On November 26, 2021, the WHO, on the advice of the WHO Technical Advisory Group on Virus Evolution (TAG-VE), designated B.1.1.529 as a troublesome type called Omicron. This decision is based on the evidence presented to TAG-VE that omikron has a number of mutations that could affect how it behaves, for example, how easily it can spread or affect the severity of the disease. Here is a summary of what is currently

Current knowledge on Omicron

Researchers in South Africa and around the world are working to better understand many aspects of Omicron, and will continue to share the results as they become available.Transmissibility: It is not yet clear whether omicron is more transmissible than other types, including delta (e.g., it spreads more easily from one person to another). There has been an increase in the number of people tested positive for this type in the affected South African region, but epidemiological studies are underway to determine if it is due to Omicron or other factors.Disease severity: It is not yet clear whether Omicron infection causes more serious disease than other types of infections, including delta. Preliminary data suggest that hospitalization is on the rise in South Africa, but this may be due to an increase in the total number of infected people, rather than as a result of a specific omikron infection. There is currently no information to indicate that the symptoms associated with Omicron are different from other types. Initially reported infections occur in college students, young people with mild illness, but it can take days to weeks to understand the severity of the omicron type. All types of COVID-19, including the worldwide dominant delta type, can cause serious illness or death, especially for susceptible people, and therefore prevention is always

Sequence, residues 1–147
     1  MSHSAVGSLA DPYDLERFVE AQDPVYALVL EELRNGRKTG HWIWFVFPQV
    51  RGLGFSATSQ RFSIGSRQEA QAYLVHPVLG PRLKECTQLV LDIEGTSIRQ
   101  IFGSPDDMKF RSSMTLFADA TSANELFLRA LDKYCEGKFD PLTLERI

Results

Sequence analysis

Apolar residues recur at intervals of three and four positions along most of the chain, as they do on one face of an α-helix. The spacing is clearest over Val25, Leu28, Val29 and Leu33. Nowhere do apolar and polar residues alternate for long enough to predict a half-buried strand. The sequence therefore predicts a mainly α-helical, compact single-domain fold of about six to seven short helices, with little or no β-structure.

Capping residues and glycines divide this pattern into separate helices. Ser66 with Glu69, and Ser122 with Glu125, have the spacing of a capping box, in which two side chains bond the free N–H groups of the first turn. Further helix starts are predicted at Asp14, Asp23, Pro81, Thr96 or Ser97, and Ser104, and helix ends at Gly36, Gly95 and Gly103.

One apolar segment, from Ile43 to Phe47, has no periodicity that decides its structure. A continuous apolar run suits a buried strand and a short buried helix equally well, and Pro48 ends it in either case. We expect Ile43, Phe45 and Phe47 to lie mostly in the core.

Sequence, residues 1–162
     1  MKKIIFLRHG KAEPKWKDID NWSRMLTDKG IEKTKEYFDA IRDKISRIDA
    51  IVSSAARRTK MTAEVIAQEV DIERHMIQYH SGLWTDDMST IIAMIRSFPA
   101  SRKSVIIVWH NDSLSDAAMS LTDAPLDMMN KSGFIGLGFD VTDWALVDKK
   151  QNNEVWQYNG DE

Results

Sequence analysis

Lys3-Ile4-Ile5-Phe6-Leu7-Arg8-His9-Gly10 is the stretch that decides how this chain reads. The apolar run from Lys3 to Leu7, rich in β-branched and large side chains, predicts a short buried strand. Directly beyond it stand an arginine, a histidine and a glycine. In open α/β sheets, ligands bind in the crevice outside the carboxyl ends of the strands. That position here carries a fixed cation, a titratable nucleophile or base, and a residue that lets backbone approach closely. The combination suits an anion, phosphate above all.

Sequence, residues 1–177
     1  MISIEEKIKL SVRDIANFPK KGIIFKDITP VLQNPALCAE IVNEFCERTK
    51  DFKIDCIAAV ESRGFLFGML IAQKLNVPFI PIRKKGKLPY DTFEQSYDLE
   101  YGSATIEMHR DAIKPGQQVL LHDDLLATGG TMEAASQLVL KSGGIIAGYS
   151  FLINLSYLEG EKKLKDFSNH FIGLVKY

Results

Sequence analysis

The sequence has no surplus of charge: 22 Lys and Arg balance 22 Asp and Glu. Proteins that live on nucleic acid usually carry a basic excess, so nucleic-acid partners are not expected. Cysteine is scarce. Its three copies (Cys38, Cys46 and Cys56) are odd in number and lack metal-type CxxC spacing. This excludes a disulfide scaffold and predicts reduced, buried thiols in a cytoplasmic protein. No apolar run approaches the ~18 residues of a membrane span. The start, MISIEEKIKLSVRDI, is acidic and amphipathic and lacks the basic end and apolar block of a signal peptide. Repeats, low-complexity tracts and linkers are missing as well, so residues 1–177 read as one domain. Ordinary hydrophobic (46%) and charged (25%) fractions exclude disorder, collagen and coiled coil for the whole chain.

Efficacy of previous SARS-CoV-2 infection

Preliminary evidence suggests that Omicron (ie, people who have previously been infected with Covid-19 may have an increased risk of re-infection with Omicron) compared to other types of anxiety, but information is limited. More information will be available in the coming days and weeks.Vaccine Efficacy: The WHO is working with technical partners to understand the potential effects of this type of vaccine on our existing immune systems. Vaccines are important for reducing serious illness and death, even against the dominant type of delta. Current vaccines are effective against serious illness and death.Effectiveness of current tests: Widely used PCR tests continue to detect infections with omikron infection, as we have seen in other types as well. Studies are underway to determine if it affects other types of tests, including rapid antigen detection tests.Effectiveness of current treatment: Corticosteroids and IL6 receptor blockers will still be effective for the management of patients with severe COVID-19. Other treatments will be evaluated to see if changes in some parts of the omicron type virus are still as

The study is ongoing

Currently, WHO is coordinating with a large number of researchers around the world to better understand Omicron. Ongoing or ongoing studies include severity of infection, severity of infection (with symptoms), vaccine and diagnostic tests, and effectiveness of treatment.The WHO encourages countries to contribute to the collection and sharing of hospitalized patient data through the WHO COVID-19 Clinical Data Platform to quickly describe clinical features and patient outcomes.More information will come in the coming days and weeks. WHO will continue to monitor and evaluate TAG-VE data as soon as it becomes available and evaluate how mutations in Omicron change the behavior of the

Recommended actions for countries 

Since omikron has been designated as a form of concern, the WHO has recommended a number of actions, including surveillance of countries and improvement of the case order; Sharing of genomic sequences on publicly available databases such as GISAID; Reporting initial cases or groups to the WHO; Omicron conducts field checks and laboratory evaluations to better understand whether different infections or disease characteristics exist or whether they affect the effectiveness of vaccines, treatments, diagnoses or public health and social measures.

Details were added in the November 26 announcement.

Countries should continue to implement effective public health measures to reduce the global circulation of COVID-19, using a risk analysis and science-based approach. Some public health and medical capacity must be enhanced to handle the increase in

S. WHO is providing support and guidance to countries in both readiness and response.

In addition, inequalities in access to COVID-19 vaccines are urgently addressed to ensure that vulnerable groups, including healthcare professionals and the elderly, receive first and second doses with equal access to treatment and

for more

Leave a Reply

Your email address will not be published.